When we think about endangered animals, species come to mind such as the Iberian lynx or tuna, much less so sharks. For several generations, you just need to think of sharks to make an instinctive link to Steven Spielberg’s film – and from there it’s only a small step to attacks on humans. But the reality is very different.
“Sharkwater”, a documentary by Rob Stewart, sees its mission as being to challenge the false stereotypes which people have about sharks. It shows that these animals are endangered because no one cares about them being hunted. Such indifference gives the shark’s fin soup industry carte blanche to do what it wants – and this includes cutting off their fins and letting the sharks die.
If there is a lesson that the human species has not yet understood, it is that everything has consequences. And sharks becoming extinct is no exception. This would imply that their prey (smaller sharks and rays) would multiply uncontrollably. And this in turn would mean that the prey of these species (molluscs) would be greatly reduced in number. As molluscs filter the sea water, this decline would have direct consequences for water quality and, by association, for our nutrition.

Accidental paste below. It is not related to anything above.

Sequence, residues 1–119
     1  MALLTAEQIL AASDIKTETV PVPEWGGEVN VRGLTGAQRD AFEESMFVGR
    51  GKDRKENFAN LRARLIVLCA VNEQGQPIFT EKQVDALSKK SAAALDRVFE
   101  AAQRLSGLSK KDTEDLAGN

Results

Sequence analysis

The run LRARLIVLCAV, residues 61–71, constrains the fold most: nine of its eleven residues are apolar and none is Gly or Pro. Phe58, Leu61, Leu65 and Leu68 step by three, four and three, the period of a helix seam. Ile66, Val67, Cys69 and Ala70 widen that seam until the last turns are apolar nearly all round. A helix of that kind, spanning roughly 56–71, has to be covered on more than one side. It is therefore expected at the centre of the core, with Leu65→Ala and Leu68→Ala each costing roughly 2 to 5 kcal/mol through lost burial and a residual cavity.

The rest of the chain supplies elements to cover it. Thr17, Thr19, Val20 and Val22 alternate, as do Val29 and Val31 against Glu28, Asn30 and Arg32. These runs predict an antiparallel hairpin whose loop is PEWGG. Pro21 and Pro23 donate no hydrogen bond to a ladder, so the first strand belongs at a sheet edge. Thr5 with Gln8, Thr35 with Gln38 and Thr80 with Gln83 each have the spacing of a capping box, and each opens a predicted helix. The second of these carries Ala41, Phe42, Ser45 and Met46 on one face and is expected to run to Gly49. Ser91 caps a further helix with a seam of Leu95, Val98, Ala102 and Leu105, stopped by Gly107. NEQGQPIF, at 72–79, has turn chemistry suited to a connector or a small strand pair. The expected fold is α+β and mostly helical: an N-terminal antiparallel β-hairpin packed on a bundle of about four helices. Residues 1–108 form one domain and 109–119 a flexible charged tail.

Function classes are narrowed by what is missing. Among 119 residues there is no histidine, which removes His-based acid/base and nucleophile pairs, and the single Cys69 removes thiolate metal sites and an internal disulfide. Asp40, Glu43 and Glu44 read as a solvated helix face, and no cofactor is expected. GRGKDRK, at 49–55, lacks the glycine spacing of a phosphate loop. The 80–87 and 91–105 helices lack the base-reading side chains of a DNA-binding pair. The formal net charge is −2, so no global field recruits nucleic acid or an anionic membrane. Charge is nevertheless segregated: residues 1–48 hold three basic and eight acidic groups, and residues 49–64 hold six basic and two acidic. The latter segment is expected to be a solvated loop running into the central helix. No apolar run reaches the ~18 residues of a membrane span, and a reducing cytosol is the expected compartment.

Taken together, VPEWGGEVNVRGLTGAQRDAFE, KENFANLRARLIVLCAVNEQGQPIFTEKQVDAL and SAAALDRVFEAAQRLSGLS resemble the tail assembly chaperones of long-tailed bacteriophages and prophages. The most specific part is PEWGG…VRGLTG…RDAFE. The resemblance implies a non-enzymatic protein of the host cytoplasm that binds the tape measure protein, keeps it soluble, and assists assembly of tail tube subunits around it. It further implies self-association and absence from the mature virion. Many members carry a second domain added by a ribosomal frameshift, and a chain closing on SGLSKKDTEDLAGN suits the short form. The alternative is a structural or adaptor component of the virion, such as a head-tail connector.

This is not another documentary about shark attacks or the beauty of sharks. Both informative and entertaining, this film – by a director and activist whose hobby is swimming with what he is passionate about, sharks – draws people’s attention to a problem that has long been ignored.
“Sharkwater draws people’s attention to an endangered species to which no one seems to attach any importance”
Documentary 89 min.
Director: Rob Stuart